Thursday, June 14, 2007

Lessons from a Trip

Consider this an addendum to the lengthy trip report below.

It's often said that you remember the bad beats, but never the great hands. This is often said because it's true.

I made a few moronic calls purely out of curiosity and had at least two memorable bad beats.

I usually don't post more than a quick recap of bad hands, but there's a lesson in here. Note, only two of these qualify as bad beats. Let's go in order of my fault to donkey.

1.- 1/2 NL at the MGM, Friday night. QTs limp in, board comes AQA. Checked to me in MP and I bet $20. Folds to cutoff who thinks and says, "does he have the ace..." and after a few more minutes raises to $60. Now, a completely sober me speaks up in my head and says, "You're beat. He TOTALLY has the Ace. At the least he has kings, or AQ, a stronger Q than you donkey." But I'd had a couple, and even though I knew I was beat, I called. Turn is crap, and he pushes all-in. I have him well-covered and call purely to see if my read was right. Of course it was. AJ flipped over, and he says he was worried I had a better ace. So now not only have I dropped over $100 in one stupid hand, but I'm painted as a complete fish. Naturally I tightened up and eventually got back to even before leaving.

2.- WPBT Tournament on Saturday. I have pocket queens and am heads-up with Mattazuma after he raise pre-flop. Flop comes all unders, he bets, I re-raise, and he pushes. I have him covered, but KNOW he has cowboys. Aces smells all wrong here, and he's not betting that hard with top pair or AK. Again, I need to know, and instead of asking, "I fold up, you show?" I call. Sure enough... kings, and no Q for me.

3.- 1/2 NL Saturday night. Relatively new guy to the table who finally brings some raising to the game. He's garnered my respect with his seeming tightness and aggression, although I can't think of any hands he's actually held. I have AJo and bet out around $15 pre-flop. Two callers, including him. Flop comes 8J4 and I bet $20 into the $32 pot. He calls. I've got to wonder here, so I check the 3 turn as does he. Rivers comes a 6 and I think I'm good, so I bet $40 and he pushes for $50 more. I call and he flips over 57d for the rivered inside straight. ARGH! But I guess I let him get there.

4.- 1/2 NL Saturday night, about an hour earlier. Woman directly on my right sits down and plays for a while. Chases draws and high cards like a fat kid chases his last smartie. I've pushed her off with re-raises once or twice, but we've generally not tangled. I have pocket 9's and raise it up. Two callers. Flop comes 9xx, two clubs. I bet 1/2 the pot and she's the only caller. She's sooo on the club draw. Turn is not a club, I bet 2/3 the pot, she calls. I go a bit cross-eyed. Kc hits the river and I sigh and practically toss up my hands. She bets something like $10 into about a $120 pot and I call saying, "nice flush." Sure enough, two completely unconnected clubs. I say, "not much I can do." and she replies with, "Well, you let me get there." I calmly replied, "Well, I did bet. I wouldn't have called it down." What can you do? I suppose I could have taken her chips and thrown them across the room, and then she couldn't chase.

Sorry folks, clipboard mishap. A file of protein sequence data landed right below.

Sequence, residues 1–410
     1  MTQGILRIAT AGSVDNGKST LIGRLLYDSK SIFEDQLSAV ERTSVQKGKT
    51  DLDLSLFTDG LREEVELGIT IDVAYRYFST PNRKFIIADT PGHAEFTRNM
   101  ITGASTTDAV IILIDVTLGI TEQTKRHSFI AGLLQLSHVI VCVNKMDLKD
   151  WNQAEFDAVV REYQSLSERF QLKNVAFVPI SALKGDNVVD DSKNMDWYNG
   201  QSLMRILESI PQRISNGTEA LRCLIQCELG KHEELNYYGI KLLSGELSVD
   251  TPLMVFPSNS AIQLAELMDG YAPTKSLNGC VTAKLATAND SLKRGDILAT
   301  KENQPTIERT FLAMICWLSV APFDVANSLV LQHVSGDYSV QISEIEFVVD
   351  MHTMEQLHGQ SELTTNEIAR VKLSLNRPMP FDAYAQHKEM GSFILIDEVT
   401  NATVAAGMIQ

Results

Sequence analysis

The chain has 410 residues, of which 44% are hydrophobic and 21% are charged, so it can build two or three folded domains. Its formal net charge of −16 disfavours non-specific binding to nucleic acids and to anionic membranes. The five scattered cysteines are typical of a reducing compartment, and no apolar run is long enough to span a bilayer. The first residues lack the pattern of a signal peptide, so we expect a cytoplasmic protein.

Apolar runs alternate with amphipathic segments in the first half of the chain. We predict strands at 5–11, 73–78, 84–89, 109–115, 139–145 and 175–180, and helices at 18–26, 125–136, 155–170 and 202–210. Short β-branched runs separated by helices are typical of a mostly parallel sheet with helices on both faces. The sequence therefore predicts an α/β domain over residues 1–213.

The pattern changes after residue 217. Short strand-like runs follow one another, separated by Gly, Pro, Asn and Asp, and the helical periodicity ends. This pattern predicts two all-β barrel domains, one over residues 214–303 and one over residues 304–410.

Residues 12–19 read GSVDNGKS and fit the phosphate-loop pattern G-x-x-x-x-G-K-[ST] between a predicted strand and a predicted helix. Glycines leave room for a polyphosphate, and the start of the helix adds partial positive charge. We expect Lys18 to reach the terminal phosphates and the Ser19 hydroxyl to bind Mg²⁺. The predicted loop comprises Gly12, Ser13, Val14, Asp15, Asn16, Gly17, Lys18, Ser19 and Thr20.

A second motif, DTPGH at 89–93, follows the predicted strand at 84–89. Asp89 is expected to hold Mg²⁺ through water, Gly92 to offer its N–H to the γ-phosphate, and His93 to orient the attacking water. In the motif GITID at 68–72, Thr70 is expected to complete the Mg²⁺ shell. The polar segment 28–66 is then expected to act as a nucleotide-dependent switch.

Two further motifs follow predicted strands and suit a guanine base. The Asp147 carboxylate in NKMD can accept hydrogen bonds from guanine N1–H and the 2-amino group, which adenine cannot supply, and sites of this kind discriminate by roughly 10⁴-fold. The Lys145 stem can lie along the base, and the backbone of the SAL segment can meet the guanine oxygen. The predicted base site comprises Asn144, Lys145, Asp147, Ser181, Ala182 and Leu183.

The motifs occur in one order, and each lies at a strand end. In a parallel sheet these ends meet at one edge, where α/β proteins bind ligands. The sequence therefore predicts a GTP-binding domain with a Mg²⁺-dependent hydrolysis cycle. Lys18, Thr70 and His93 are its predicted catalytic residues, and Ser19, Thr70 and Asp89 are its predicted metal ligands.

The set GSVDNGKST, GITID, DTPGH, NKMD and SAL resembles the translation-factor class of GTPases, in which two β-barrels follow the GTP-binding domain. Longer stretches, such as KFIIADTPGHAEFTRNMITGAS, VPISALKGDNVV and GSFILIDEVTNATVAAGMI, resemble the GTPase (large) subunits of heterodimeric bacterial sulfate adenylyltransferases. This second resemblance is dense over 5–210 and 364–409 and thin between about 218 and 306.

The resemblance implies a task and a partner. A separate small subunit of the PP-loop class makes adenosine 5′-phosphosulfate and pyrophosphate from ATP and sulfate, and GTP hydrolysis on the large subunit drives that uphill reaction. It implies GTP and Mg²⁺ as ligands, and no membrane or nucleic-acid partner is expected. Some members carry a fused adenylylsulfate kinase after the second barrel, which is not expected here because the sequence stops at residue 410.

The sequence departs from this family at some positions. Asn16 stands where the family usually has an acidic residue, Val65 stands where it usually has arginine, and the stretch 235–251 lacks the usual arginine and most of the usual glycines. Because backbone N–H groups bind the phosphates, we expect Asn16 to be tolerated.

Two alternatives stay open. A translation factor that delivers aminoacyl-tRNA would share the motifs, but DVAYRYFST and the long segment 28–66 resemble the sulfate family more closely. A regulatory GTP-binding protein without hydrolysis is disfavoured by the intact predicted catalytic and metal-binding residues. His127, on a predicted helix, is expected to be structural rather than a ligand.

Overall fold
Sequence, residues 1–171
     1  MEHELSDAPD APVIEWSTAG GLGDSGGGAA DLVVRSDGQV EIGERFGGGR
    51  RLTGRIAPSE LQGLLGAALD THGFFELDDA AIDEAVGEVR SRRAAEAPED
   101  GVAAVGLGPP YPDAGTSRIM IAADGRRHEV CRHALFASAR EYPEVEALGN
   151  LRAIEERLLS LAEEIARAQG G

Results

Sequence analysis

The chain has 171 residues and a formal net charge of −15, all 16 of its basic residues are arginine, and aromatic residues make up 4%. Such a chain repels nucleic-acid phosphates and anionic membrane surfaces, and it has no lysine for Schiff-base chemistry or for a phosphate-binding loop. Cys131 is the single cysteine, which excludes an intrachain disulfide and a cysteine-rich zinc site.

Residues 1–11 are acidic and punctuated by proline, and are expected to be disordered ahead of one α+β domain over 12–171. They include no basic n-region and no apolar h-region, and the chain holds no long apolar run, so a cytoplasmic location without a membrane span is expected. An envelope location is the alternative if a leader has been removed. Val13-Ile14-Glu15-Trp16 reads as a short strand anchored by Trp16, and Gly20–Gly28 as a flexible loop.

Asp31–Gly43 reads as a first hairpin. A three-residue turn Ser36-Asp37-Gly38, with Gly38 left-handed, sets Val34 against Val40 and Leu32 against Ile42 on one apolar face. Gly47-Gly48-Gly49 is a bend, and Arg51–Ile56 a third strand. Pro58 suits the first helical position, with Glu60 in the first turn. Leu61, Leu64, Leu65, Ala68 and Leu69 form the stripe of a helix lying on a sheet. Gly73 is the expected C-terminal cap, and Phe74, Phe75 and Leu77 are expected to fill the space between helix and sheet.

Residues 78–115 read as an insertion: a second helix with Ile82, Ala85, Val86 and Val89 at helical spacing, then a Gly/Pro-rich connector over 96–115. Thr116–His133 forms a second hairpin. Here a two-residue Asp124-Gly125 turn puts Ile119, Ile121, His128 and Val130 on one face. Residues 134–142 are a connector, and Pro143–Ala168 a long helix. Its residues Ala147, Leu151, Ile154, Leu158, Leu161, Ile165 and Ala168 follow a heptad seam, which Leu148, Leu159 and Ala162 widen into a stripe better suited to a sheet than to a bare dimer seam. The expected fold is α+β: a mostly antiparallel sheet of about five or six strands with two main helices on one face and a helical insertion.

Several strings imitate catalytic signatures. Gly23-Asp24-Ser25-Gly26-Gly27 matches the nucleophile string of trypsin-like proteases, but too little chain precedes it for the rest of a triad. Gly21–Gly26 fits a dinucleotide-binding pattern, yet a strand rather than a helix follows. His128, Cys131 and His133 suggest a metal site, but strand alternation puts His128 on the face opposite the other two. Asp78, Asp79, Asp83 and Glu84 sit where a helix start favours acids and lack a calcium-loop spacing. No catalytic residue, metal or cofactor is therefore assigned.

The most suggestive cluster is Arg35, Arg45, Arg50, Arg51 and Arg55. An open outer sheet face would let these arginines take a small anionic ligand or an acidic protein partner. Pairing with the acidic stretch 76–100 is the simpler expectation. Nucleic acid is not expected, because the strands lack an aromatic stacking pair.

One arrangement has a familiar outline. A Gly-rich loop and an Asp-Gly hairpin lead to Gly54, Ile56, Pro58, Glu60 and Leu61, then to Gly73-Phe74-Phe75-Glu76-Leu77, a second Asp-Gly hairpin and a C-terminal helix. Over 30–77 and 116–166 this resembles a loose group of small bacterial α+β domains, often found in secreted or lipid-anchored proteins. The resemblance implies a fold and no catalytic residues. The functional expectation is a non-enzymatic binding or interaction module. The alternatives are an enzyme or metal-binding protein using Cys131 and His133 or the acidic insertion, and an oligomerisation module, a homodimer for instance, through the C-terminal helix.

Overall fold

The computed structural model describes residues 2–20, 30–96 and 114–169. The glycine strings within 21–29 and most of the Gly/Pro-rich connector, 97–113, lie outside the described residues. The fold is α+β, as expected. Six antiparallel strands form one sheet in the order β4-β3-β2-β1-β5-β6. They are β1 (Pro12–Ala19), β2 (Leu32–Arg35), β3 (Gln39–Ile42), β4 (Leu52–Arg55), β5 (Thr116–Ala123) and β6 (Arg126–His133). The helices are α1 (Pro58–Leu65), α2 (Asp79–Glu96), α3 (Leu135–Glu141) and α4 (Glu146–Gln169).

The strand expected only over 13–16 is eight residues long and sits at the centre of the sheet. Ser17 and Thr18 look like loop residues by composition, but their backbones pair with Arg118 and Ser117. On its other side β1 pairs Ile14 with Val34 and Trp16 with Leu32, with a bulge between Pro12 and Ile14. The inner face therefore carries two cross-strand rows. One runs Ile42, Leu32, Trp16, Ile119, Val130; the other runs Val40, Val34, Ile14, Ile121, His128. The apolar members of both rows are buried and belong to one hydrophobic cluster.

There were others too. Calls and pressure with inferior hands, sometimes in an attempt to push someone off, sometimes because I just made a bad read. But other than #4 up there, these beats were entirely my fault. I called because I could afford it and wanted to see if I was reading right. There's nothing wrong with losing on purpose in order to get information - but only if that info is worth more than the money being lost. It wasn't in either case above. Also, there's no accounting for donkeys. If you let them get there, they'll get there, so if you're completely dumbfounded by a call and the turn card doesn't help them in any way, BET AT IT. Finally, no matter how hard you try, some people can't let go of their draws. They'll catch sometimes, but you'll make more off of them in the long run. Stay calm and you'll make your money back.

On the flipside, I don't make the donkey calls, and that $5 in my wallet looks more like $205, if not more due to stack intimidation. Just as if I walked away from the slots when I was up instead of playing more, I'm up for the trip. All it takes is a few mistakes and you're toast. I kicked myself after The Mookie last night for throwing away around 5600 in chips on hammer raises. I don't drive hard at those, then my TT re-raise all-in against Hoy's AK is maybe enough to push him off at the end, and I go deeper. At the very least, I would have had him covered.

Riverchasers tonight. Am I up for the ultimate in donkfests? Maybe.

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